Higher Education Webinars
A college librarian's take on technology
August 10, 2011 - 10:15pm
Google has been driving me crazy. Until this week, I had used our campus version of Google apps for my calendar (so it can easily synch with various campus calendars) and another Google account for my RSS feeds (because there wasn’t a Google Reader available for the campus accounts). These are things I use often, so I have live bookmarks on my Firefox toolbars and have moved easily from one to another – apparently more often than I realized until the day Google changed the way multiple accounts are handled.
August 2, 2011 - 8:31pm
A couple of new articles forthcoming in College & Research Libraries just caught my eye. The first, by Brett Bodemer of Cal Poly in San Obispo, is about how we help undergraduates conceptualize the research process (and how we might do it better).
July 28, 2011 - 4:30pm
July 19, 2011 - 10:00pm
. . . who knew? As I write this, the Minnesota state capital has opened its doors after a nineteen-day state shutdown, and legislators (if they stick to their agreement) will likely pass a group of budget bills and end the longest legislative tantrum, er, state government shutdown in history. Though I was glad the state university systems were spared – they had enough cash reserves that they could continue teaching the courses students had enrolled in and paid tuition for – it was interesting to see just how surprised the public was when the state wasn’t there.
July 11, 2011 - 9:30pm
The other day, as I was tracking down the text of a classic article in JSTOR to refer to in a blog post, I was struck by the pop-up box that required me to agree to terms of service before it would let me see the article. I actually read it this time instead of clicking through. It reads:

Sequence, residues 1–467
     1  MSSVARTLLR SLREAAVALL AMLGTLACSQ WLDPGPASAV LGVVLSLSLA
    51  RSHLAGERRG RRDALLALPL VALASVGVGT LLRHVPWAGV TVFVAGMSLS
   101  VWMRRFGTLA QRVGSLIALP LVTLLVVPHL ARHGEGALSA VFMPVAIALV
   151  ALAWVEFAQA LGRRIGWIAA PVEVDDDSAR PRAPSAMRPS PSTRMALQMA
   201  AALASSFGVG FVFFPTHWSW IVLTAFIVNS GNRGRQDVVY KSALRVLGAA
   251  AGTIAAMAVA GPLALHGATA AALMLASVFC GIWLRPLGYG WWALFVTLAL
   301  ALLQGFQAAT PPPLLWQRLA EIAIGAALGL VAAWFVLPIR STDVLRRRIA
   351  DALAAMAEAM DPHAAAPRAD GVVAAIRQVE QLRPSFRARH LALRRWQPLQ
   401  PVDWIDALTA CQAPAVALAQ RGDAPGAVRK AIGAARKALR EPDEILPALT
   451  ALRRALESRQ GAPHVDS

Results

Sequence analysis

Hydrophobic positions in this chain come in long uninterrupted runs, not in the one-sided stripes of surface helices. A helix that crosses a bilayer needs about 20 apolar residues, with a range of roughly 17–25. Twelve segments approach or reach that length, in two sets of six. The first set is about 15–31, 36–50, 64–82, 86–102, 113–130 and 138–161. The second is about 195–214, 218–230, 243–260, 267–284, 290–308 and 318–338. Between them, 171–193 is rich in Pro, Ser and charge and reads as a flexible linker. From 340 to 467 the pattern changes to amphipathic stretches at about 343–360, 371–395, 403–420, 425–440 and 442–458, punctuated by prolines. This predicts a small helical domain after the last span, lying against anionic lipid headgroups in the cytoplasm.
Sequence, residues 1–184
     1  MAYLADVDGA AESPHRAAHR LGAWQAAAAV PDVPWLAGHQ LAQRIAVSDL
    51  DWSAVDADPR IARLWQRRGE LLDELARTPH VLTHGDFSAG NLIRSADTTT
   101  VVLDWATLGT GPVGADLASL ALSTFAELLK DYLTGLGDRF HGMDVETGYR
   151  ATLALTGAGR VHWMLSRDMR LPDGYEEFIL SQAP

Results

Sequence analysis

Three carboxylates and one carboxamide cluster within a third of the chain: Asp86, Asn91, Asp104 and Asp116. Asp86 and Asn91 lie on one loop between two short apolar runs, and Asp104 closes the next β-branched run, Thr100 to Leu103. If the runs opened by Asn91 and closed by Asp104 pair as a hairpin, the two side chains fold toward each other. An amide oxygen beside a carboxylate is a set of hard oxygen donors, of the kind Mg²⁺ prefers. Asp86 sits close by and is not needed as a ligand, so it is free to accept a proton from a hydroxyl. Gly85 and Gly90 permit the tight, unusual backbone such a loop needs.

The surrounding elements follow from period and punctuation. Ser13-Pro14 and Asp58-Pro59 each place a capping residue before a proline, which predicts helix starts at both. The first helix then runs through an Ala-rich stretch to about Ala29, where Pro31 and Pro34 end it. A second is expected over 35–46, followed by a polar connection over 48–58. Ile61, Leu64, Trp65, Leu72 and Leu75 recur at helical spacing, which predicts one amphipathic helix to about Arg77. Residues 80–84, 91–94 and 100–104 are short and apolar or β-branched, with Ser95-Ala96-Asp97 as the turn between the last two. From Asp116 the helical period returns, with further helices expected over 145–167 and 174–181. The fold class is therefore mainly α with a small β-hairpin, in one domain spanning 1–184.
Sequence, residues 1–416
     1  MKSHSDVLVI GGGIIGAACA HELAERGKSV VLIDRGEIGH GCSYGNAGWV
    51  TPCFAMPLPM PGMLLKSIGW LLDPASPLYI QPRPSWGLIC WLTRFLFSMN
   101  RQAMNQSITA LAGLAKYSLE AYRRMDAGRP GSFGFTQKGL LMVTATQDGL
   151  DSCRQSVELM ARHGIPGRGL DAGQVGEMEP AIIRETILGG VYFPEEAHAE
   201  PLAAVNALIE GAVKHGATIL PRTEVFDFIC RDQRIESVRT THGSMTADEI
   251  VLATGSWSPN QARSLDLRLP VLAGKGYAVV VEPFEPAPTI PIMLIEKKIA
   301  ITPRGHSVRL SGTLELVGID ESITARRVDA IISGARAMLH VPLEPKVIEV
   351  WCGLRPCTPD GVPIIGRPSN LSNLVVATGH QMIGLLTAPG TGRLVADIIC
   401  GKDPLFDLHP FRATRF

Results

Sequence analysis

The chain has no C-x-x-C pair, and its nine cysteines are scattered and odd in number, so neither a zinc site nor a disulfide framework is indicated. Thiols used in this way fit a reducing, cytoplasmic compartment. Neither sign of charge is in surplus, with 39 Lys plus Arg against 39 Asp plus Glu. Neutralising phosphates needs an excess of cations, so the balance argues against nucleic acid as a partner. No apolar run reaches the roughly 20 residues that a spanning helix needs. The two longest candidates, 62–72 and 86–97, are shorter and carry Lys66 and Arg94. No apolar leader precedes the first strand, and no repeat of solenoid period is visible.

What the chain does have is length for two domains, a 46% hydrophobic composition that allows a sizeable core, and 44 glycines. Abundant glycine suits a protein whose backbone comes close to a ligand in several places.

July 6, 2011 - 10:00pm
Back in April, I wrote a bit cantankerously about my doubts that research papers as a genre are a particularly useful vehicle for learning and argued for doing away with the traditional “research paper” – the kind that Richard Larson described as a “non-form of writing.” This genre is primarily a vehicle for students to display knowledge by discussing a number of sources they have chosen on a topic using aca
June 29, 2011 - 11:30pm
An interesting question came up the other day on COLLIB-L, a discussion list for college librarians. A librarian reported that a student who was abroad discovered he couldn't access videos in a library database. An error message appeared saying access would constitute a "copyright violation." Though the library had licensed the material for its patrons, including that student, he was unable to view it because he happened to have traveled to another region. He wondered whether he might have the same problem with articles in databases.
June 13, 2011 - 9:45pm
You're traveling through another dimension, a dimension not only of sight and sound but of mind; a route that passes through the middle ground between light and shadow. Your next stop - the copyright Twilight Zone!Imagine it’s a year or two from now. You're preparing to teach an upper division course and want to assign a dozen groundbreaking journal articles published over the past century.
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